Barring a few notable gaffes every year, the national anthem rings loud and proud around sports stadiums spanning the nation. Last month, however, the star spangled banner elicited protests from NFL player Colin Kaepernick of the San Francisco 49ers, who refused to stand for the anthem as a statement on racism in America.
While we recognize the protests made by Rosa Parks, Martin Luther King and Malcolm X as pivotal in the movement to secure rights for minorities, when a person of color voices grievances today similar in content to those made 50 years ago, they are received by the largely deaf ears of the American public.
By no means is it possible to equate Kaepernick to any of the three aforementioned individuals — that would be incredibly preemptive and a bit absurd. With this said, the discussion he has created surrounding the treatment of minorities is an important dialogue that is crucial in creating a more inclusive society, both here in Madison and throughout the entire country.
Freedom of speech, enumerated in the first amendment of the Bill of Rights, is not a privilege the government, or the citizens of this country, can assign to certain groups of people or take away from others. It is a blanket right that encapsulates the vast majority of ideas and opinions held by the population of this country, including the very real fact that minorities are oppressed by inherent racism.
The hypocrisy of those speaking out in condemnation of Kaepernick’s choice to sit during the national anthem is preposterous. Whether one sits or stands is an individual choice that doesn’t necessarily indicate anything about the individual’s feelings toward the country, the people who serve it or what it stands for.
It is important to realize the decision to remain seated during the anthem does not make Kaepernick any less American or any more contemptuous towards the nation as a whole, as many of those in disagreement with his actions are spouting on any social media that gives them enough characters to do so.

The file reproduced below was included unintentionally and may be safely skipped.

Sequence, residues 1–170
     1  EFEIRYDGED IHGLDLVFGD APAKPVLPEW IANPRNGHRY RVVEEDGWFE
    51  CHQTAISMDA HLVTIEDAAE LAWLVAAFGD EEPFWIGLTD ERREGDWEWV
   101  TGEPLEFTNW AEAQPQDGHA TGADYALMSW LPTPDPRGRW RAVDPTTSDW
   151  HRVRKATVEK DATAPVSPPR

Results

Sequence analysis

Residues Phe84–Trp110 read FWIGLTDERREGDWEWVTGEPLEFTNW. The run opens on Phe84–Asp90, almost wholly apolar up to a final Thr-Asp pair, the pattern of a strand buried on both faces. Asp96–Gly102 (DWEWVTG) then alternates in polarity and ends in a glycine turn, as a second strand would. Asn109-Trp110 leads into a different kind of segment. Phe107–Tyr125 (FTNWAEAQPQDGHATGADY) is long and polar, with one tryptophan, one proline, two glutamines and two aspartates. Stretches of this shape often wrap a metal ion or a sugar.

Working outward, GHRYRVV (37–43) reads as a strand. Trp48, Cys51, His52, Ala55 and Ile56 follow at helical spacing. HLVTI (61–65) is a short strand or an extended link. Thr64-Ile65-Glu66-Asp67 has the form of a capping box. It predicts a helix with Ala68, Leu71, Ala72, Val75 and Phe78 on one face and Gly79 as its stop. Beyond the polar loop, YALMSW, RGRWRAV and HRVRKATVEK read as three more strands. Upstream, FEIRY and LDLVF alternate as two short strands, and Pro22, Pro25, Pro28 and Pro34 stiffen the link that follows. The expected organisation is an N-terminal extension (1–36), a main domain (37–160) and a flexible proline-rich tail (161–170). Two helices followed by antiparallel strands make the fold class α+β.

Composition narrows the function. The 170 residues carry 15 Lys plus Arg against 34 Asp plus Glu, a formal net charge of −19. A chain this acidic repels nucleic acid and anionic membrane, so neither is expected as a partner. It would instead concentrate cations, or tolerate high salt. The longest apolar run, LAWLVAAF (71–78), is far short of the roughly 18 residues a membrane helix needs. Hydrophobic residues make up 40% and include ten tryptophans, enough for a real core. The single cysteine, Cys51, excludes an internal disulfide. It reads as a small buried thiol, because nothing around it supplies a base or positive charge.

I would argue instead that it means the opposite. Kaepernick has been fortunate enough to find himself on a platform that millions of Americans look to each Sunday, and he has chosen to use it to speak out against the injustices minorities deal with daily.
With this issue brought to the forefront of national news, the general public has grown uneasy, feeling threatened by the man who is asking them to change their attitudes toward minorities. Instead of acknowledging the issues Kaepernick has brought to light, people are fighting back with claims that he is disrespecting our veterans, or they’re throwing a fit because Kaepernick lost the starting job to Blaine Gabbert.
While there’s no denying Kaepernick is most likely not thrilled about being benched, it’s ridiculous that the majority of this nation’s first instinct when someone voices racial injustices is to combat them with personal attacks. Considering that the very foundation this country was built on centers around the acceptance of persecuted minorities, it’s pathetic that in 2016 we as a society are more apt to ignore racism than to accept that it exists and it needs to be dealt with.
Colin Kaepernick may not be this generation’s Martin Luther King Jr. — who knows how long he will continue protesting or if anything will come of it other than the massive amount of backlash it has generated thus far. I do hope, however, people will begin seeing his claims not as the selfish, attention seeking ploys but for the valid arguments they present: This country is not doing everything in its power to ensure minorities the rights they deserve. Don’t brush this off as a celebrity stunt — it’s part of a movement.
Aly Niehans ([email protected]) is a freshman majoring in political science and international studies.